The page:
Spring: A Manic Time in the Garden

The Season’s Ups and Downs

To me, spring can be a manic time of year. On the one hand, no tree is more beautiful or festive than a peach tree loaded with pink blossoms. I’d say almost the same for apples, pears, and plums, their branches laden with clusters of white blossoms.
Peach tree in bloom
And it’s such a hopeful season. If all goes well, those blossoms will morph, in coming months, into such delicacies as Hudson’s Golden Gem and Pitmaston Pineapple apples, and Magness, Seckel, and Concorde pears. My peach tree was grown from seed, so has no name. With all this beauty and anticipation, I can periodically forget the pandemic that’s raging beyond my little world here.

But even as my eyes feast on the scene and I forget about the pandemic, I can’t forget about the weather’s ups and downs. Specifically, the temperature: Frosty weather has the potential to turn blossoms to mush and ruin the chances for fruit. Especially on my farmden, here in the Wallkill River valley. As in other low-lying locations, on clear, cold nights, a temperature inversion occurs, with heat radiated to the clear sky making ground level temperatures low. Cold air is denser than warmer air, so all the cold air flows down slopes to collect in valleys.

There’s not much to do to avert that frost damage. A blanket thrown over a tree would help but my trees are too large and too many. Branches could be sprayed with water; water, in transitioning to ice, releases its heat of fusion as long as it’s continuously applied. A helicopter or a “wind machine” could dilute colder air at ground level with warmer air from higher up. These methods might be used commercially but, to quote the sage of Newburgh (that’s another story), “That’s not gonna happen” here.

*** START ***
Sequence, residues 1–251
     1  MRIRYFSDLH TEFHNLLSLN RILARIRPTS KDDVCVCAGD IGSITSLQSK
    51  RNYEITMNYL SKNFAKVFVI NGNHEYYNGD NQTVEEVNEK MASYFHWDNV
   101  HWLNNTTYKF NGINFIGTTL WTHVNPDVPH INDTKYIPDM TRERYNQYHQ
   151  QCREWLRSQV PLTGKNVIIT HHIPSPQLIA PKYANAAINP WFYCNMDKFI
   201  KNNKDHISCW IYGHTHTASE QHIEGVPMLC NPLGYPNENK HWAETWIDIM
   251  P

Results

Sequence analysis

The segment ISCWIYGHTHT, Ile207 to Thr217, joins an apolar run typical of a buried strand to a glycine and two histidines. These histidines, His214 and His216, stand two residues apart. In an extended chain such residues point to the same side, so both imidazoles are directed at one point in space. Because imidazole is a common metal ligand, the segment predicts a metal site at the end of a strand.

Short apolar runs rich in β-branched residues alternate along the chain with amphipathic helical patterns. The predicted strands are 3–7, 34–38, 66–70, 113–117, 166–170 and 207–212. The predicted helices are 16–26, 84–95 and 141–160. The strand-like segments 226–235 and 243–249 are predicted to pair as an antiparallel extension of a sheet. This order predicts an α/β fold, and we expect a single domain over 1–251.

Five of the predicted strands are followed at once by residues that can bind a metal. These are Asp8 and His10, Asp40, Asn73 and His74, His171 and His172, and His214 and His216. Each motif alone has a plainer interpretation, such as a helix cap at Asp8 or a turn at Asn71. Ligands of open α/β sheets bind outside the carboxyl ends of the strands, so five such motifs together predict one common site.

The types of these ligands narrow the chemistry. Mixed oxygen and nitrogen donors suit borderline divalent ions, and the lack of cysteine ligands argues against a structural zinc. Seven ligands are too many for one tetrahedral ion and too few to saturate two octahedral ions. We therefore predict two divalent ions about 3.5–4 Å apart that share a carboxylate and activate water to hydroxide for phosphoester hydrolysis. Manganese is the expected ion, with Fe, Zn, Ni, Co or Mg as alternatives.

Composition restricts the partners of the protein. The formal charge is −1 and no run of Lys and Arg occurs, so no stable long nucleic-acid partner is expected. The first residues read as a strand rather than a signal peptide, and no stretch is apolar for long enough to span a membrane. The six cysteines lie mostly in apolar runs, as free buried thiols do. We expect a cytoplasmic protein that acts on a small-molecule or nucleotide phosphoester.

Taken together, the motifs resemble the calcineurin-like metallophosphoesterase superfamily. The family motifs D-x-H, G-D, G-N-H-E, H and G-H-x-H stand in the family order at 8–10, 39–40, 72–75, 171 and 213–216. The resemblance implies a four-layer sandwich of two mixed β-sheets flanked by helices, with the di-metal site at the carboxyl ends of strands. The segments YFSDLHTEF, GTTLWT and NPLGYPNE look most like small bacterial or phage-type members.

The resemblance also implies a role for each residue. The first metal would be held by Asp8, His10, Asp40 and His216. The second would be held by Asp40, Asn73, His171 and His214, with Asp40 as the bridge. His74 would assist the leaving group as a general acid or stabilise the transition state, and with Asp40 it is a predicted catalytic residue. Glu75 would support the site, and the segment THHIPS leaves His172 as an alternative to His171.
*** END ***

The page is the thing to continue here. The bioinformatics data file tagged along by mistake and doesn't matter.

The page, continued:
Therapy, a Plan

Rather than worrying myself into the manic phase of spring, I’m going to assess the damage and live with it. For starters, I need to know the temperature.

I have been using is a nifty little device called Sensorpush, a 1-inch square cube, perhaps a half-inch thick, that I have mounted outside and that continually transmits the temperature to my cell phone.Sensorpush receiverGreat. Even better, temperature (as well as humidity) is recorded, and can be displayed graphically or downloaded to my computer. So I didn’t have to be awake to find out the mercury hit 32.5°F at 12:16 AM on the night of April 17th and stayed there until it began rising around 7 AM.
Sensorpush readout
Fortunately, researchers have compiled temperatures at which damage to blossoms occurs. Specifically, damage enough to wipe 10% of the crop, and damage enough to wipe out 90% of the crop. And more specifically, applying those numbers to various kinds of fruits, which vary in their blossom’s cold tolerances. And even more specifically to the various stages of blossoming for each kind of fruit. Generally, less cold is required to kill a blossom the closer it is to bloom time.

Here is a chart compiled and photographed by Mark Longstroth of Michigan State University:
Critical temperatures for fruit buds

So now I can take this information, couple it with data recorded by Sensorpush, and foretell my sensory future, pomologically speaking. Below freezing temperatures since trees awakened have been 24° on April 17th, 27° on April 19th, and 26° on April 21st. Of course, it ain’t over till it’s over, and the average date of the last frost here is about mid-May.

Peach blossoms

Peach bloom

Plum blossoms

Plum blossoms

My plum trees were in full bloom on April 13th, at which time the blossoms are susceptible to 10% kill at 28° and 90% kill at 23°. That makes only 10% loss. The peach tree was also in bloom on that date, and is very similar in it’s blossom’s cold tolerance, so only 10% loss there also, so far.

Asian pears were showing “first white” and “full white” on April 19th, when the low hit 27°. That temperature would cause them no damage. The same would be true, going forward, for subsequent temperatures above 27°. The Europeans should be fine because today, April 21st, they are in tight cluster, and cold hardy to 24°.

Asian pear blossom

Asian pear full white

European pear blossom

European pear tight cluster

Apples also are fine, also in tight cluster so, according to the chart, undamaged by temperatures above 27°.

Apple blossom pink tip

Apple blossom tight cluster

And a Sprinkle of the Unknown